We've all done things we're not proud of. I still remember stabbing my friend, Milly, with a pencil when I was 6, for example. The lead snapped off and lodged itself under her skin. It wasn't one of my finest moments.

There were other brushes with childhood criminality along the way. A friend's head bounced on the trampoline. An unintentional down trou at intermediate school. And I was one of the "good" kids. Luckily for me, I had a safe, secure, loving home and a supportive community around me that gave me the tools I needed to grow into a law-abiding citizen.

A number of Kiwi kids aren't so fortunate. For them, coming from backgrounds often riddled with neglect, struggle, poverty and/or abuse, childhood acting up can become something more serious.

And then, all of a sudden, they wind up in prison, following the road that was paved for them over years of systemic failure. Each step along that road represents a stage at which someone should've intervened and didn't.

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Or, to put it bluntly, another $100,000 or so of the Corrections budget that could've been saved.

A report released this week by the Office of the Prime Minister's Chief Science Advisor basically said as much. Our approach to young offenders isn't working, and in order to turn our prison statistics around, we need to adopt a preventative model.

That's the thing about hardened criminals in our prisons. Once upon a time they were Kiwi kids facing more than their fair share of hardship. Criminals don't just materialise fully grown and dangerous, they are shaped and sculpted by a society that allows children to suffer in difficult circumstances.

Don't believe me? Consider these low points of the report:

•About 80 per cent of child and youth offenders grew up with family violence at home.

*Most of those in youth justice facilities have experienced at least two "traumatic events" such as being sexually abused or in danger of being so abused, being badly hurt or in danger of being badly injured or killed, witnessing someone being severely injured or killed, or experiencing a subjectively "terrifying" event.

•One in five youth offenders has a learning disability, while youth offenders are three times more likely than non-offenders to have experienced a traumatic brain injury.

•Between 50 and 75 per cent of young offenders have mental illness or a substance abuse disorder (compared to 13 per cent of youth generally). Of those with substance abuse issues, 79 per cent are heavy drinkers, and 65.5 per cent used methamphetamine in the past year.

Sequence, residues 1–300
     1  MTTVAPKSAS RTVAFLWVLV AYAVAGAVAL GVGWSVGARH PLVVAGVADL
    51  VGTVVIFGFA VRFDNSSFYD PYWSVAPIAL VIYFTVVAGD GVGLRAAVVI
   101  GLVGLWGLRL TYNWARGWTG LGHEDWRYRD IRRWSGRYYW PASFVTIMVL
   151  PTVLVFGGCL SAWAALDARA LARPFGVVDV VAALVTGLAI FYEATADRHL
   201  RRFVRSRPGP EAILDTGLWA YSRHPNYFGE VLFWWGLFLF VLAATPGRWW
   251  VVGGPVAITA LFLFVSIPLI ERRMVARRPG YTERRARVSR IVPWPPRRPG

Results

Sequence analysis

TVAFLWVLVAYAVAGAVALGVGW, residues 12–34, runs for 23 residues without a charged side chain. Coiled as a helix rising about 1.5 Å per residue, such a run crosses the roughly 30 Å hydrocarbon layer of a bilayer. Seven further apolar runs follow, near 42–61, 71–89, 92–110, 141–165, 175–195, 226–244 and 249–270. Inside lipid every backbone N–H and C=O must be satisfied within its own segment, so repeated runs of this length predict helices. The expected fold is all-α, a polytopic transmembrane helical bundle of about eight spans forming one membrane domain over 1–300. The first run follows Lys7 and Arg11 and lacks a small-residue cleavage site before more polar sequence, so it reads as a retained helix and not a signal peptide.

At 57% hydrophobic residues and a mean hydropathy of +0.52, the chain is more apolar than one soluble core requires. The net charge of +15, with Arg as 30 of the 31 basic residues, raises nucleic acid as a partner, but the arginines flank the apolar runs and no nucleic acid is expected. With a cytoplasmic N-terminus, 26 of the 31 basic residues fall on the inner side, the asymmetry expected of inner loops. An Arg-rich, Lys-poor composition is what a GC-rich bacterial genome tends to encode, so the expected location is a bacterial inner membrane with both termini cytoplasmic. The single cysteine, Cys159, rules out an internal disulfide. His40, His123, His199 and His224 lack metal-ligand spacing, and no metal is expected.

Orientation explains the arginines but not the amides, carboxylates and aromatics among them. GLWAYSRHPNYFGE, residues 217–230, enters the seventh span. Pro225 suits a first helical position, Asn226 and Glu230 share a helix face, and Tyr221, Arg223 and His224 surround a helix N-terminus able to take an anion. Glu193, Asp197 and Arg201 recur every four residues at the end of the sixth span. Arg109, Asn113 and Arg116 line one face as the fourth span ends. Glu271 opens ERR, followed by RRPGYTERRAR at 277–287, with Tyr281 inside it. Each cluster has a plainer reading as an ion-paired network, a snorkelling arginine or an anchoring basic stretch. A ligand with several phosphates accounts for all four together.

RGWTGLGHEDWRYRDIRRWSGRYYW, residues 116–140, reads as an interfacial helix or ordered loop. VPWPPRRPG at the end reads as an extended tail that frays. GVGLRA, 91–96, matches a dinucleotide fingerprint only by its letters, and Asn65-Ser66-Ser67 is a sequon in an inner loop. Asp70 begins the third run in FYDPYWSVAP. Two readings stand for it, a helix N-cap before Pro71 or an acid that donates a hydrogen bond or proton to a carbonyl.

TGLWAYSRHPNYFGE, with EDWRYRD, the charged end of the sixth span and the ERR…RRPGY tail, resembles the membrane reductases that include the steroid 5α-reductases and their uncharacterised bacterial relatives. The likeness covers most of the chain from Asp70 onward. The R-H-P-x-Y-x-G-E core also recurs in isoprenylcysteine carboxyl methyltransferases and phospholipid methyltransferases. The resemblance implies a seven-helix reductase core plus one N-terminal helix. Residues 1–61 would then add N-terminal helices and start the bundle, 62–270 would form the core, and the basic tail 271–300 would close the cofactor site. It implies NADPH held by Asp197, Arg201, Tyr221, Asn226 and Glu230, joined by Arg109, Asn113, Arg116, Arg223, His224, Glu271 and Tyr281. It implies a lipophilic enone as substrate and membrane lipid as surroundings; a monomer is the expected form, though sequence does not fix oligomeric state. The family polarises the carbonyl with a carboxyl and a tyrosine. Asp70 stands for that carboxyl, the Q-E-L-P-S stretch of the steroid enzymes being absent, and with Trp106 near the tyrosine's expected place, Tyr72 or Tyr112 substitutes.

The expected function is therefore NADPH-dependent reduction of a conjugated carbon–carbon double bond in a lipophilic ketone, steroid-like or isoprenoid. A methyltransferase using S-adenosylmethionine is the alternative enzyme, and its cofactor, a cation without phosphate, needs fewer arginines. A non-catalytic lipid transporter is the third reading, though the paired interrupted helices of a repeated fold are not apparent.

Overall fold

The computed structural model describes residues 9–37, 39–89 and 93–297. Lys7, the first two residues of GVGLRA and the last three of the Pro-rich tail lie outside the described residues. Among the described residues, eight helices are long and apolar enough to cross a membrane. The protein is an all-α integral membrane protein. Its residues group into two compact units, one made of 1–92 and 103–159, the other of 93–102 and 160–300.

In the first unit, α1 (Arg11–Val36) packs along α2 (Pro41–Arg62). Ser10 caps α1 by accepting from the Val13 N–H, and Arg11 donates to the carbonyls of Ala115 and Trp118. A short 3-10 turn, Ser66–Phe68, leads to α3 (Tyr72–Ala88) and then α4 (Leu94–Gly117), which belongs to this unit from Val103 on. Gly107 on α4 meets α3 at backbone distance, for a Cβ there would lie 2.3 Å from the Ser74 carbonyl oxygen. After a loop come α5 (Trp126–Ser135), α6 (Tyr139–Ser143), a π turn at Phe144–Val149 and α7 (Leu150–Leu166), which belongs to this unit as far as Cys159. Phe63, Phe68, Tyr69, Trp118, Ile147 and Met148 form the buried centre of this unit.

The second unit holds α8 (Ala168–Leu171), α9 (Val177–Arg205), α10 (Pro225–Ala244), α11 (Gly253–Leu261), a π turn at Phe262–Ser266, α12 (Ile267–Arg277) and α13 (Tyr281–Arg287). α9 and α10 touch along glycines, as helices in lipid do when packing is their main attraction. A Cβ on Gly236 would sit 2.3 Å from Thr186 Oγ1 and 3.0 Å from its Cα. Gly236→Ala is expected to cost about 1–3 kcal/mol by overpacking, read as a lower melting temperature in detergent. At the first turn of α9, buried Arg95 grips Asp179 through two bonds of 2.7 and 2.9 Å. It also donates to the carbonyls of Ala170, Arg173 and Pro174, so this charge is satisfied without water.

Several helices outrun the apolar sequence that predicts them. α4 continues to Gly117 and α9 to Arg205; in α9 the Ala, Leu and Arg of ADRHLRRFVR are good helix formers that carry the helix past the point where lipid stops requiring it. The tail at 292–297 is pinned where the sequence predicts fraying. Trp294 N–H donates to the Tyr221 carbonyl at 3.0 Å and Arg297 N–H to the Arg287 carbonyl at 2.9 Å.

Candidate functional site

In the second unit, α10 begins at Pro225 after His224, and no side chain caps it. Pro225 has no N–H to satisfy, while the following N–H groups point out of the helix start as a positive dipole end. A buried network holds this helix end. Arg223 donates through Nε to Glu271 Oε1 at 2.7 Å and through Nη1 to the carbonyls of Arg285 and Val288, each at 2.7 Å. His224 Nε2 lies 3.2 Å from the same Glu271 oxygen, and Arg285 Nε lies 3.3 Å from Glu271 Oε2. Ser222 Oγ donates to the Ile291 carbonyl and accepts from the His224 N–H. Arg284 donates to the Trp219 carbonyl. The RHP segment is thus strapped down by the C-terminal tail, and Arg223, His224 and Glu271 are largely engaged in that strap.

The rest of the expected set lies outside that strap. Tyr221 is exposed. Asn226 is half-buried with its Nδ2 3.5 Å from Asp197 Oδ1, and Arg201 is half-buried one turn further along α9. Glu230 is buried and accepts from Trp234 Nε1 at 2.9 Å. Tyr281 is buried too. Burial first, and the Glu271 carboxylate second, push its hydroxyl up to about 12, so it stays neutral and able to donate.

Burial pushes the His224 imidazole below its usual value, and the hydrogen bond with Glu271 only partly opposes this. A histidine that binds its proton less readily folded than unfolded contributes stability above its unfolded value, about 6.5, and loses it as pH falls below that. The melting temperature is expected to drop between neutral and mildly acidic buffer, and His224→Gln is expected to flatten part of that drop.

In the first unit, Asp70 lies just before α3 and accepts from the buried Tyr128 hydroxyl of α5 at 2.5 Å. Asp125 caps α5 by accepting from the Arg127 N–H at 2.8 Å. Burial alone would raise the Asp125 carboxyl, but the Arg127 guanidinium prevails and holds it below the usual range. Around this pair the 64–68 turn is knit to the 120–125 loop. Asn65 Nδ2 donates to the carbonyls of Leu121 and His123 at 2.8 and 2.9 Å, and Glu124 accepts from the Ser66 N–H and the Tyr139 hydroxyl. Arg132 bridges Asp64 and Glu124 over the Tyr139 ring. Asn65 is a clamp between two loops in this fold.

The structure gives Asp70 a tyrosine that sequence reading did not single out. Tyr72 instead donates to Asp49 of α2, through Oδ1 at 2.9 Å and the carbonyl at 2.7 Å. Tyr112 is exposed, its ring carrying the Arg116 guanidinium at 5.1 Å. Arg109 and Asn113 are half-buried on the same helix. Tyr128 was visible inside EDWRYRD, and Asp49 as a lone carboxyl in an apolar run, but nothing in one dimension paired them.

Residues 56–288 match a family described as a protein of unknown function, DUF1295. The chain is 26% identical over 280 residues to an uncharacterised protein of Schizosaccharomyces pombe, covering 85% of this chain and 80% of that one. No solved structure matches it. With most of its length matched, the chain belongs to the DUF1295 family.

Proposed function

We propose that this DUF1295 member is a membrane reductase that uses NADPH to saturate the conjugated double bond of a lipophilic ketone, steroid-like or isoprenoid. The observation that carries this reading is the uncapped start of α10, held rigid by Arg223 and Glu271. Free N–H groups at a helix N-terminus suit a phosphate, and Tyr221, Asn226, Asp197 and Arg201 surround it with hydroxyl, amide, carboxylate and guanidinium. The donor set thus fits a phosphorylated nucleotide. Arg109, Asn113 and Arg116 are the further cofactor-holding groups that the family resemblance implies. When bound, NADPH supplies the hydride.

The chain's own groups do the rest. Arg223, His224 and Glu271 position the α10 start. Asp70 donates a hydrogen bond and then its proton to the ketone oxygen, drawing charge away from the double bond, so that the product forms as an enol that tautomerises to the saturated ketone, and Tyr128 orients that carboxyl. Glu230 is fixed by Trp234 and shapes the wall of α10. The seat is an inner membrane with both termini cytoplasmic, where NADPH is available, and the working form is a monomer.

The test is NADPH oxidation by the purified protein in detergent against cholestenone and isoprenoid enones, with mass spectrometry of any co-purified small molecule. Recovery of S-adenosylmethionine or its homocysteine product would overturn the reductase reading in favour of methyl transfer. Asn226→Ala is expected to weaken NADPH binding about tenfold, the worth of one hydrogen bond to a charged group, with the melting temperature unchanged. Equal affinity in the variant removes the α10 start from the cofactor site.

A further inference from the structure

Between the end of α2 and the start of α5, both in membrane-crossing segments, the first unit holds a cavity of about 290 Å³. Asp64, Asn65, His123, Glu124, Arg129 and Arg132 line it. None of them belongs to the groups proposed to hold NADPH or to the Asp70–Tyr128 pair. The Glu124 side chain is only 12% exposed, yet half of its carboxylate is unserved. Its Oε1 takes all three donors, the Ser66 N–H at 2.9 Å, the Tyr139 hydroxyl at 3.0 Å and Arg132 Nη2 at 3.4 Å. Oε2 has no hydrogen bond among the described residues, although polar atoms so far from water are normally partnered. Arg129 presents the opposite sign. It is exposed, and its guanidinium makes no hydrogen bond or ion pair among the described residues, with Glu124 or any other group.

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•Most (87 per cent) young offenders aged 14 to 16 in 2016/17 had prior reports of care-and-protection concerns made to Oranga Tamariki.

Preventing these troubled young people from making their way into the justice system sounds sensible to me. It's cheaper to spend money on interventions for children and youth rather than building prisons and housing prisoners. It's hard to find a downside to preventing harm by protecting vulnerable children and altering their course in life so that they don't grow up to victimise others. And who doesn't want reduced crime rates and fewer prisoners?

A future like that, however, would require us to leave behind our preoccupation with blame and punishment. It's not like it works. While politicians of a certain ilk will rabbit on about being "tough on crime" until they're blue(er) in the face, research overwhelmingly shows that sending people to prison usually doesn't prevent them from reoffending.

The most common equation is this: lives full of struggle + prison = recidivism. Sometimes with the added bonus of new criminal connections and skills gained in jail.

We need a new way. It may be politically expedient to roll out short-term programmes that stoke fear, demonise criminals and generally do a big fat nothing, but New Zealand deserves better.

When politicians trot out the "lock up the baddies and all will be solved" card they are insulting the intelligence of the public. And if we keep falling for it, we deserve to be thought of as fools.

As a country, we need to demand that the Government of the day does something now that will pay off in years to come. (And, for the record, I don't mean boot camps. An alarmingly large stack of research says they increase criminality, so it's time we relegated that idea to the trash heap.)

There are lots of proactive steps that could be taken. Decriminalising cannabis so that young people with addiction problems get help rather than convictions is one. Others could include free and easily accessible mental health services for young people and funded extra training for schools on how to deal with vulnerable children with behavioural issues. At the heart of the issue, however, is turning our suburbs back into communities and neighbourhoods full of people who look out for each other.

The results won't be seen in the next three years, and maybe not even in the next six, but if we can start to wrap protection around vulnerable children now, it will have a dramatic impact in a decade or so.

We need to take a whole generation out of the prisoner pipeline, then another generation after that and so on. And we need to believe that it can be done.

The scientific evidence provided in Associate Professor Ian Lambie and Sir Peter Gluckman's report gives us a foundation upon which to build a vision for a safer New Zealand.

Ironically, a lot of that boils down to making people feel safe. If children feel safe, they are able to grow and develop in healthy ways. If parents feel safe, they generally make good decisions for their families. In homes where there is addiction, illness, financial hardship and an overall lack of safety, it's little wonder that negative outcomes are common.

Our justice issues start in childhood. We've got to do better for our kids.